This is big news for von Willebrand Disease patients: there’s a new product on the market. Wilate® just got approved by the US FDA for “treatment of spontaneous and trauma-induced bleeding episodes in patients with all types of von Willebrand disease (VWD),” according to a press release. Wilate is a high-purity plasma-derived product, which uses a double viral inactivation process in manufacturing: solvent/detergent (S/D) process and a special terminal dry-heating (TDH) system. No albumin is added as a stabilizer. Wilate is exclusively derived from large pools of human plasma collected in U.S. FDA approved plasma donation centers. Wilate will be available in the market in early 2010.
Wilate is produced by Octapharma, a Swiss-based company. This is the first time Octapharma has entered the US bleeding disorders market. Wilate will be in direct competion with Humate-P, manufactured by CLS Behring.
One thing interesting I learned is that this is the first product developed and manufactured specifically for VWD.
Here’s a quote from Octapharma: “Octapharma’s worldwide commitment to coagulation disorders dates back to Octapharma Group’s formation 25 years ago,” said Octapharma USA President Flemming Nielsen.”We are thrilled that U.S. patients will now have access to Wilate following its significant success in Europe as a next generation therapy. Octapharma is committed to providing the U.S. market with life-enhancing therapies.”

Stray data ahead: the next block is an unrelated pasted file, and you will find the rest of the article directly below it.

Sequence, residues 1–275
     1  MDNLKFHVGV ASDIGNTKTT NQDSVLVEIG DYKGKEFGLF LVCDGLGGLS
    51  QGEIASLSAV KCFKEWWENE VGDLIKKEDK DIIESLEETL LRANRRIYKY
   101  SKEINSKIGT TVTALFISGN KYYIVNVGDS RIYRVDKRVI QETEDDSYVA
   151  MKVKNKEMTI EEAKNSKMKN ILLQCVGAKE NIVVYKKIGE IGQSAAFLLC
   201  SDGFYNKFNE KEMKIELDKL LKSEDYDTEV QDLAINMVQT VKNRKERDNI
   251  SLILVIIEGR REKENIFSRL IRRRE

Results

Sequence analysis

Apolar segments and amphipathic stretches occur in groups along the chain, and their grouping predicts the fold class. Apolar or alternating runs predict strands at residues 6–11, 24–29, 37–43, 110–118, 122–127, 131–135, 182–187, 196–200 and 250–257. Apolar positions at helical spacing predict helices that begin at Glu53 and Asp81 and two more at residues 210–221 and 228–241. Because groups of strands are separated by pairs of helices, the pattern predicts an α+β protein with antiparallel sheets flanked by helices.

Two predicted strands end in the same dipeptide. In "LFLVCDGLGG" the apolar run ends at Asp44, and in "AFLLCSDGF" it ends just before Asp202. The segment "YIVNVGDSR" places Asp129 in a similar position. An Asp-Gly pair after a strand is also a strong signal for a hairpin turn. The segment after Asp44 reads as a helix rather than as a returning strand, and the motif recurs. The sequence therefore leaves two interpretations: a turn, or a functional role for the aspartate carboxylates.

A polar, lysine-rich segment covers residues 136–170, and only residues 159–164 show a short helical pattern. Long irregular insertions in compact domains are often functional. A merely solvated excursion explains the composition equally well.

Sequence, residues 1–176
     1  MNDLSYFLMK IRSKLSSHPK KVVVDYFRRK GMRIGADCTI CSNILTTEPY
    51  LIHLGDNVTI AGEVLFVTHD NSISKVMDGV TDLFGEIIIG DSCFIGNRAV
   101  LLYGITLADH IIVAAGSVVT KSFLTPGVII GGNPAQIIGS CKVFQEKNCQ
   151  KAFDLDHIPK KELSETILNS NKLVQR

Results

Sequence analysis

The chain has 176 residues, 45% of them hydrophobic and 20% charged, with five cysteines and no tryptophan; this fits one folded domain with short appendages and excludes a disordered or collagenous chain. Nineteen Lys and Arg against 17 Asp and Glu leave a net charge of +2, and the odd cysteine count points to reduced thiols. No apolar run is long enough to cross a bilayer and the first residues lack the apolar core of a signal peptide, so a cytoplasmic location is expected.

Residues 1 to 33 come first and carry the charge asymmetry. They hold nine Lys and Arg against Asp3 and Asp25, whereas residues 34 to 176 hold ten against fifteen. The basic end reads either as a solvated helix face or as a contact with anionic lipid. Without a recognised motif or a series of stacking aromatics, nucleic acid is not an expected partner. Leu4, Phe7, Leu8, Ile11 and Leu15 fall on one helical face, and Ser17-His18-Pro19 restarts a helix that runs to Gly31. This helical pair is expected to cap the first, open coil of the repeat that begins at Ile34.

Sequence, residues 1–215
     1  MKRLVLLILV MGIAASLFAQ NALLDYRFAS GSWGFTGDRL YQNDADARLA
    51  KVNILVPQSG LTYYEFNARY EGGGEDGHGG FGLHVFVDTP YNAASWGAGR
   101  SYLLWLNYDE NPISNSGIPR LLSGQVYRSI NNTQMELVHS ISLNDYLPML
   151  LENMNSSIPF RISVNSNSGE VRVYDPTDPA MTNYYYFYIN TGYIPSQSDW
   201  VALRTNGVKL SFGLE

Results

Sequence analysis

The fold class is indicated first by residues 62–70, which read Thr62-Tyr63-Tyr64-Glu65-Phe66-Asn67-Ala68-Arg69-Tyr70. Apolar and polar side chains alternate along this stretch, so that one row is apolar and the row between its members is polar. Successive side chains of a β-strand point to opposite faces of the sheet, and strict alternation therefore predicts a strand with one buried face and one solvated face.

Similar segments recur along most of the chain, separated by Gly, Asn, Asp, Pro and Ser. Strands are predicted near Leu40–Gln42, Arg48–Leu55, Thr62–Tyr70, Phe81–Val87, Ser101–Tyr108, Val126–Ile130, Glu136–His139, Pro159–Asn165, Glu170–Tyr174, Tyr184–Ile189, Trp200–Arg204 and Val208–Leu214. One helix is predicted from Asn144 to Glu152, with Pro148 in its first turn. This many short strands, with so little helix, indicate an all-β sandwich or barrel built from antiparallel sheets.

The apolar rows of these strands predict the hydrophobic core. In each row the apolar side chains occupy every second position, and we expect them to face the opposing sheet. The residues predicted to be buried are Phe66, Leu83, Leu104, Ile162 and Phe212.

VWD patients now have more choices for treatment options. For more information, please visit www.octapharma.com.
Great Book I Just Read
Final Voyage: A Story of Arctic Disaster and One Fateful Whaling Season by Peter Nichols
Massachusetts (my home state) gave birth to the American Revolution and also the global whaling industry. This fascinating book recounts a terrible story of scores of whaling ships trapped in the Arctic region, as the captains tried to score as many whales as possible before the ice closed in for the winter. Nichols deftly parallels that story with the beginning of the whaling industry, which has direct ties to Puritans coming to the new world, religious intolerance in Massachusetts in the 1700s, and the Quakers, who almost single-handedly created this lucrative industry. Whale oil soon was lighting the homes of Massachusetts and then lubricating the machines of the Industrial Age, making some Quakers millionaires, even then. Nichols also details the decline of the industry: the discovery of crude oil in Titusville, Pennsylvania, which soon replaced whale oil; the decimation of so many whales left hunting lean. All these events culminate into a dreadful outcome for the ambitious captains of the whaling ships that last season of hunting, as they searched for the last whales in an early and fearsome storm. This book will enlighten you about many subjects, from religion and commerce, to whales and history. Three stars.